In the end, I elected to offer this student comprehensive edits, a full rewrite, and basically to remove them from the text except for their personal details. I wouldn’t offer this in every situation, but the extreme anxiety and lack of focus from the student forced me to choose an approach that worked best for my own wellbeing–once a student veers wildly from their own work, the amount of social & emotional labor that I have to put in directly affects the services that I will offer. When I can use writing center pedagogy to redirect, I will. And when the struggle is just too real, I will offer an alternative.
This realization is freeing as I continue to expand my freelance writing and editing responsibilities; I will continue developing my intuitive skills to accurately gauge which kind of writing help each client needs.
I’ve been wanting business cards for such a long time. I never felt quite right making them myself–I’m such a big supporter of graphic designers and artists, I felt like designing my own cards was sacrilege.
Enter my cool coworker McKenna, who designed these groovy business cards for me. She’s got such a clean aesthetic, and she’s as into Georgia (the font–not the state) as I am! Check out her cute website here.
Yum. And for my writing clients, you’ll recognize the quote as possibly my favorite thing to say in sessions to drive you to the brink of insanity. You love it.
No matter what sort of bureaucratic nightmare I have to suffer to work as a professional writing tutor, the frustrations pale next to the exciting, multi-talented students that I get to support and challenge.
I have had an extra vibrant string of students this week–sociological studies on Michael Jackson, human geography of Tanzania, critical analyses of fast food and white pseudo-activism. Community college is obviously more diverse than my tiny liberal arts alma mater, and the students I tutor are no exception. Their opinions and experience often challenge my own academically-steeped politics, and I have to shut my white, Bachelor’s degreed, class privileged mouth and hear what they have to say. It’s humbling to be reminded that queerness and gender non-conformance aren’t the limits of diversity in my current tutoring job.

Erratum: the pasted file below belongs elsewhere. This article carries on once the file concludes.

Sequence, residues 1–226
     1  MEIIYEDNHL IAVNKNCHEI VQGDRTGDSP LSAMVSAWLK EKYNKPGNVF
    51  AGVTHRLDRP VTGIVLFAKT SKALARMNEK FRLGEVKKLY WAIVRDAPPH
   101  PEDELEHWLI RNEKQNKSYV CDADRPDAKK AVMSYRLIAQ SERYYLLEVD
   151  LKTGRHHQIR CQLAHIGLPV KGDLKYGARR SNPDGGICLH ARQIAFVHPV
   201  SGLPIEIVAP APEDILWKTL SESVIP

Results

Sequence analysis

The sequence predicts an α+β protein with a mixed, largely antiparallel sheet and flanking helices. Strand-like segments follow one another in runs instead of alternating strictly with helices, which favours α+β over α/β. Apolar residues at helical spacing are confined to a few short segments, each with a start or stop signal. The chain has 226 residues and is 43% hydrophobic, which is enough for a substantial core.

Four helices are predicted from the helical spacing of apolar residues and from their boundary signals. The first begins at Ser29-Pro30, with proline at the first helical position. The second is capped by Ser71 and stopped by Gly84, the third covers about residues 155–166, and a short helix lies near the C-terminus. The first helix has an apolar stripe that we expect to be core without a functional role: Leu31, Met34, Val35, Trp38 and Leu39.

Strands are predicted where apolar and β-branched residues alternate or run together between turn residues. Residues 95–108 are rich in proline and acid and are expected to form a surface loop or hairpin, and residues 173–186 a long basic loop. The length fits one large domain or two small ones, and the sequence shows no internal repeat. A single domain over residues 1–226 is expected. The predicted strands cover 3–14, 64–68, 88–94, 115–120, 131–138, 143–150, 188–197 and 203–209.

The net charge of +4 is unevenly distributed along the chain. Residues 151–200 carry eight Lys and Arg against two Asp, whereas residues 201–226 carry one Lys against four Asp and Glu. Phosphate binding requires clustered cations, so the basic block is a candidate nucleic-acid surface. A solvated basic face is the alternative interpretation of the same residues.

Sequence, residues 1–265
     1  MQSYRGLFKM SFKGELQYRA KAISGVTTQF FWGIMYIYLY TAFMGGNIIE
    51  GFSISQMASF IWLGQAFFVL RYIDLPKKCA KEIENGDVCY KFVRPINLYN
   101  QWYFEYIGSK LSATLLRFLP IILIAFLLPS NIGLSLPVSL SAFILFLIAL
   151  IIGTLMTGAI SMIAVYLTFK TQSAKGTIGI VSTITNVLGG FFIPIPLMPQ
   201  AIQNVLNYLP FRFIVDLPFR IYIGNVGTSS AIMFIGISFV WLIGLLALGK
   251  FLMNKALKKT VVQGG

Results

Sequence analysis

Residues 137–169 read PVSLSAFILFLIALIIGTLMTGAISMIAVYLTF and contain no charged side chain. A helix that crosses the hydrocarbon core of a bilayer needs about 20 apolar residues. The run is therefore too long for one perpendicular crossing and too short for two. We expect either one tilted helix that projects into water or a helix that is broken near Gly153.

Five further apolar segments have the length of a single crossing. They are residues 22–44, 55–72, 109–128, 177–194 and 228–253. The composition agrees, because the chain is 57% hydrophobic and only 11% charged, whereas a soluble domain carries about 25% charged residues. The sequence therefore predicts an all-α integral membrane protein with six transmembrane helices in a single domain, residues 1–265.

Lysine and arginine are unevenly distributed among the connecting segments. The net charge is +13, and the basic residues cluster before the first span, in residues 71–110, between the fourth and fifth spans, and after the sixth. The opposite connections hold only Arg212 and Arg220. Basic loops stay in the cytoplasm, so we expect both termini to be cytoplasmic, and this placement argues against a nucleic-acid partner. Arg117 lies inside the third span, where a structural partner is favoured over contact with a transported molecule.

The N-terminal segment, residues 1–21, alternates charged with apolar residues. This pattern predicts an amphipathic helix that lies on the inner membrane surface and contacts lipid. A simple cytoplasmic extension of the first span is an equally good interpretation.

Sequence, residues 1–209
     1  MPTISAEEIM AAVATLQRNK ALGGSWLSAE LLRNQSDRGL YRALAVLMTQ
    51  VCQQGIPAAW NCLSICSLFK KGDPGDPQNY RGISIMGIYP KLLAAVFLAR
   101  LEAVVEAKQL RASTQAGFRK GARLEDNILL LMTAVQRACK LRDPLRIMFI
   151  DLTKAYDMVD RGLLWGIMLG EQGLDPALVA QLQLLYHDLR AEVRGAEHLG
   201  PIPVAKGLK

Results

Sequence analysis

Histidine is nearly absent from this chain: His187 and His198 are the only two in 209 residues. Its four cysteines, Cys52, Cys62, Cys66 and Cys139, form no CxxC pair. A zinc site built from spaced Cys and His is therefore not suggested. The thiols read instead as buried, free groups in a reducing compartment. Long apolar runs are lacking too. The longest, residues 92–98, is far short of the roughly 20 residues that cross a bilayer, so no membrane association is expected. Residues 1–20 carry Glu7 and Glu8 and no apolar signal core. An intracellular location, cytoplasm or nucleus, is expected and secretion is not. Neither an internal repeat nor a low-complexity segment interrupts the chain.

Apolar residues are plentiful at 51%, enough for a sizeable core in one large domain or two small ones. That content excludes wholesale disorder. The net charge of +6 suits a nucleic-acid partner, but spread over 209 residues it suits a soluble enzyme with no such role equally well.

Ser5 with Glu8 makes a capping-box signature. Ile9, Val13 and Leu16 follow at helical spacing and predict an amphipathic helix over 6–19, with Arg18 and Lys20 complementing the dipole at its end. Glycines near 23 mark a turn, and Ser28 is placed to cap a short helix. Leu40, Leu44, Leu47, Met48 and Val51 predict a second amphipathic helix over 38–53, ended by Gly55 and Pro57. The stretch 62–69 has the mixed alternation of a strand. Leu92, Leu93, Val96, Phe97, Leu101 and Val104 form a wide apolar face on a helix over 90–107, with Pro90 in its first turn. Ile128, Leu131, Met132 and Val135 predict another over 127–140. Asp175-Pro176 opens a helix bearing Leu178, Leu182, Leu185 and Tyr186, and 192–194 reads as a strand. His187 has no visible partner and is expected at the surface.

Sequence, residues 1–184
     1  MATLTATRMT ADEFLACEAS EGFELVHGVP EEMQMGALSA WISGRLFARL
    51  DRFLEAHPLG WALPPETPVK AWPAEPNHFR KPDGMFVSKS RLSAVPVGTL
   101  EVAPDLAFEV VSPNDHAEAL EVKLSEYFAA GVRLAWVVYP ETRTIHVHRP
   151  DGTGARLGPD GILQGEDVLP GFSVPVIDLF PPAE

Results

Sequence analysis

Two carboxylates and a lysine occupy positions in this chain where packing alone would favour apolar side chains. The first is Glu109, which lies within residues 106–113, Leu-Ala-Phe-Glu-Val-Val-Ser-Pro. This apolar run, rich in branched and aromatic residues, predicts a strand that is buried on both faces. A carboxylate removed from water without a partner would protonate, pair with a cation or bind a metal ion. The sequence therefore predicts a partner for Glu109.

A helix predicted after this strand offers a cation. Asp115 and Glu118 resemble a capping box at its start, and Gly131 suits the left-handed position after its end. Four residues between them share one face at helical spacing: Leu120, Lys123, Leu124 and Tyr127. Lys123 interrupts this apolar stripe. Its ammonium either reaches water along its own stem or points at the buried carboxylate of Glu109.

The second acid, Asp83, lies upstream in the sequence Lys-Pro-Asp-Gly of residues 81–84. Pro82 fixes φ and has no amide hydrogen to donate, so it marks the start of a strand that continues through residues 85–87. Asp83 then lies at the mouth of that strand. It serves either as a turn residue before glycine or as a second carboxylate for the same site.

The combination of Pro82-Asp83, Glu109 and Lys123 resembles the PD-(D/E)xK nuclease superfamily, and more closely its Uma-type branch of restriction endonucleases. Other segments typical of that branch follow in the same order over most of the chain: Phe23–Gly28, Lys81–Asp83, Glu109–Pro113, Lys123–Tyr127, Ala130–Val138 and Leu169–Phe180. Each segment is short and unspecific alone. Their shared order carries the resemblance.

Too bad admin is such a mess, because SCCC students rule.
I’m trying to not get wildly upset at the SCCC administrators about their totally useless tutor training. The most difficult part of my grumpy energy is that I don’t even know who to direct my comments towards; everyone I’ve tried to communicate with has pointed me to someone else. It almost feels as if they are playing a bureaucratic trick, dangling a treat in front of me as I leap through hoop after hoop like a miniature horse.
The obsession with education psychology has really gotten out of hand–instead of addressing systemic inequalities, educators replace these difficult subjects with frilly, feel-good psychobabble on “self-regulated learning.”
Of course, the systemic inequalities critique would require some self-regulated privilege checks, not to mention some reverse brainwashing.